PART TWO
Diagnostic Cytology
Fig. 8.98 Atrophy in postmenopause. Cells with an increased
nucleocytoplasmic ratio against a background of cellular debris and
inflammatory cells (Papanicolaou x OI).
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Fig. 8.99 Atrophy in postmenopause. Aggregate of cells with indistinct
cell borders, increased nucleocytoplasmic ratio, variation in nuclear size and
shape, and hyperchromasia (Papanicolaou x HP).
resulting in a clear background against which truly abnormal
cells usually stand out clearly.
Invasive Cancer of the Uterine Cervix
Epidemiology
Worldwide, cancer of the cervix is the second most common
cancer in women. In developing countries, this type of cancer
even ranks first, whereas in developed countries it ranks tenth.
In most developed countries, the frequency of cervical cancer
and the mortality rate for cervical cancer have declined since the
1950s. Cervical smears are important in the prevention of cancer
of the cervix.118,182-184 The first priority is to screen the group that
has never been examined. An increase in the number of screen-
ings by reducing the interval between screenings is reported to
have only a marginal benefit.
Fig. 8.100 Effect of a short course of estrogenic hormones. Maturation
of squamous cells. Some minimal atypia of parabasal cell type remaining. No
evidence of an epithelial abnormality (same case as that in Fig. 8.91)
(Papanicolaou x HP).
Fig. 8.101 Effect of a short course of estrogenic hormones. Maturation
of squamous cells and some highly atypical squamous cells with increased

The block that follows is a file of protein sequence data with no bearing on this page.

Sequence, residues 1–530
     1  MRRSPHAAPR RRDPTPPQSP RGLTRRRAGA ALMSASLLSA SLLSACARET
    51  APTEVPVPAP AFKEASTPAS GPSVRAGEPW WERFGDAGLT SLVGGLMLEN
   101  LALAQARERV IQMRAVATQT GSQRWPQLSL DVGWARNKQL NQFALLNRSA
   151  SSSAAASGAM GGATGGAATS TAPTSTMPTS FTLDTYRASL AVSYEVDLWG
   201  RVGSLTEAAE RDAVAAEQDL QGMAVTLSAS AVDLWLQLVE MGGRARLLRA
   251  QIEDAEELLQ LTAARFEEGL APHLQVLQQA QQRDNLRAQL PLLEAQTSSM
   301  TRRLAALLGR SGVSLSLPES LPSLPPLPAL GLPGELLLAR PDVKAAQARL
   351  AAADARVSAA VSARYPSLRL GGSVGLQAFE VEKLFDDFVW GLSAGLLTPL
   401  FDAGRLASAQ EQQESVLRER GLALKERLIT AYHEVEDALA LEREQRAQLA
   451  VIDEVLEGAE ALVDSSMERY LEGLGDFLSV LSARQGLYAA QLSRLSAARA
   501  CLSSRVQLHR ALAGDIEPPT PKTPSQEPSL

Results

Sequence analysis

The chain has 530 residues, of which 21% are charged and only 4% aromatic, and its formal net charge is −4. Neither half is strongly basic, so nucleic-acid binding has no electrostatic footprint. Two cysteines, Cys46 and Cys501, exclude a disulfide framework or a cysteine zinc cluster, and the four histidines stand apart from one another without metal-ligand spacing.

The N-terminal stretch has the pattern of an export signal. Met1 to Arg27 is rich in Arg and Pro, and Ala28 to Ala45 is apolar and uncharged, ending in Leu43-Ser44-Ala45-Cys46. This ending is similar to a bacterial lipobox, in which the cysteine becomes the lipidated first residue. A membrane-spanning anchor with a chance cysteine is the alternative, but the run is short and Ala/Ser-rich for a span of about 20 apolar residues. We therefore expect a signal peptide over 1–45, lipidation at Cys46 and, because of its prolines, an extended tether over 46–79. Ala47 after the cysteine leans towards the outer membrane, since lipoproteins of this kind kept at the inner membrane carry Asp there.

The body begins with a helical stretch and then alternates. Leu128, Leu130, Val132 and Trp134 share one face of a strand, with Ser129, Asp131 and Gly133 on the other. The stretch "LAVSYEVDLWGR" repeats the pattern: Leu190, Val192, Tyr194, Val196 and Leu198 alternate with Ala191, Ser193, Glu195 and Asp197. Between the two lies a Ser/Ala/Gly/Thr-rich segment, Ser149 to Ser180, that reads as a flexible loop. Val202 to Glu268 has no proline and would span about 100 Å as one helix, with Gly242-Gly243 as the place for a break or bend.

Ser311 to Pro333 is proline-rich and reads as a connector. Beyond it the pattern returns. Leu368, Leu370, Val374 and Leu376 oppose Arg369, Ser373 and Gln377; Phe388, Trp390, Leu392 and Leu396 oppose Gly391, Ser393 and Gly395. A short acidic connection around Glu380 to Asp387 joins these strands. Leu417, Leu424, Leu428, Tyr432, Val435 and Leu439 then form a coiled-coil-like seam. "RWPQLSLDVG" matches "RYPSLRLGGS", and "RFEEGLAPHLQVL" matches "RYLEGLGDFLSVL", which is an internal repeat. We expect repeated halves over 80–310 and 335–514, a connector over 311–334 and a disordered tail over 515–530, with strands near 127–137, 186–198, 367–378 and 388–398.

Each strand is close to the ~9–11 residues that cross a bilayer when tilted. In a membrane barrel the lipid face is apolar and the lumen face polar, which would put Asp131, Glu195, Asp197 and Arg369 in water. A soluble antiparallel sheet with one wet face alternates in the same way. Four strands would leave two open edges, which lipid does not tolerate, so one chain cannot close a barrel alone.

nucleocytoplasmic ratio, irregular nuclei, and dense hyperchromatic nuclei.
Abnormal cells are consistent with severe dysplasia (same case as that in Fig.
8.92) (Papanicolaou x OI).
Olesen analyzed the number of previous smears in 428
women who developed invasive cancer of the cervix and com-
pared these with previous screenings in age- and area-matched
controls.185 He reported that 55% of the patients with cancer
and 33% of the controls had never been screened before. This
was a highly significant difference. Regular screening reduced
the relative risk for invasive cancer in the screened population
to about 0.25. When only symptomless patients were analyzed,
the relative risk was reduced to 0.15. Even the group of patients
screened more than 5 years previously had a reduction in rela-
tive risk for developing invasive cancer to 0.67. The incidence of
invasive cancer in the age group participating in the Nijmegen
screening program dropped significantly 3 years after the start
of the program. After two negative smears, in only 0.01% of the
screened women was a severe epithelial abnormality detected.76
184
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